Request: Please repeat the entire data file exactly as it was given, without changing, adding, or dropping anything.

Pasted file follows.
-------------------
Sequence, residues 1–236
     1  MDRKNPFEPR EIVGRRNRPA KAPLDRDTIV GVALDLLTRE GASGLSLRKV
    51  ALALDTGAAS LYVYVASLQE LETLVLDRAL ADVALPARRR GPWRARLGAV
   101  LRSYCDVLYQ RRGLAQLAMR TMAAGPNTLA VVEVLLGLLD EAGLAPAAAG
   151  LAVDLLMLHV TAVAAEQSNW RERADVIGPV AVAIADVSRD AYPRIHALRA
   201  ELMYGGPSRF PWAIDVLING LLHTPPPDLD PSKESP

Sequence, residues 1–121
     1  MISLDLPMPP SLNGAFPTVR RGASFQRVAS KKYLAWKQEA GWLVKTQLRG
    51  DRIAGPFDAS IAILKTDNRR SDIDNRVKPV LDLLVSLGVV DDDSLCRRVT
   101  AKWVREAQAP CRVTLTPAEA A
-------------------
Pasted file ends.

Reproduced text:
Sequence, residues 1–236
     1  MDRKNPFEPR EIVGRRNRPA KAPLDRDTIV GVALDLLTRE GASGLSLRKV
    51  ALALDTGAAS LYVYVASLQE LETLVLDRAL ADVALPARRR GPWRARLGAV
   101  LRSYCDVLYQ RRGLAQLAMR TMAAGPNTLA VVEVLLGLLD EAGLAPAAAG
   151  LAVDLLMLHV TAVAAEQSNW RERADVIGPV AVAIADVSRD AYPRIHALRA
   201  ELMYGGPSRF PWAIDVLING LLHTPPPDLD PSKESP

Sequence, residues 1–121
     1  MISLDLPMPP SLNGAFPTVR RGASFQRVAS KKYLAWKQEA GWLVKTQLRG
    51  DRIAGPFDAS IAILKTDNRR SDIDNRVKPV LDLLVSLGVV DDDSLCRRVT
   101  AKWVREAQAP CRVTLTPAEA A